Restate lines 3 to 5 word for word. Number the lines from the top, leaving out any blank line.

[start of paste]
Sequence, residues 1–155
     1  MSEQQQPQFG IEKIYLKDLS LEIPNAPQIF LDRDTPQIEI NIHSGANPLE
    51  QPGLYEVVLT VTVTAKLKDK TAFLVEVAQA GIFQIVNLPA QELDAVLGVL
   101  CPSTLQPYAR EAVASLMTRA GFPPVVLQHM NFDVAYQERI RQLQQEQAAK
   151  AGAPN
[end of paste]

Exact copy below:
    51  QPGLYEVVLT VTVTAKLKDK TAFLVEVAQA GIFQIVNLPA QELDAVLGVL
   101  CPSTLQPYAR EAVASLMTRA GFPPVVLQHM NFDVAYQERI RQLQQEQAAK
   151  AGAPN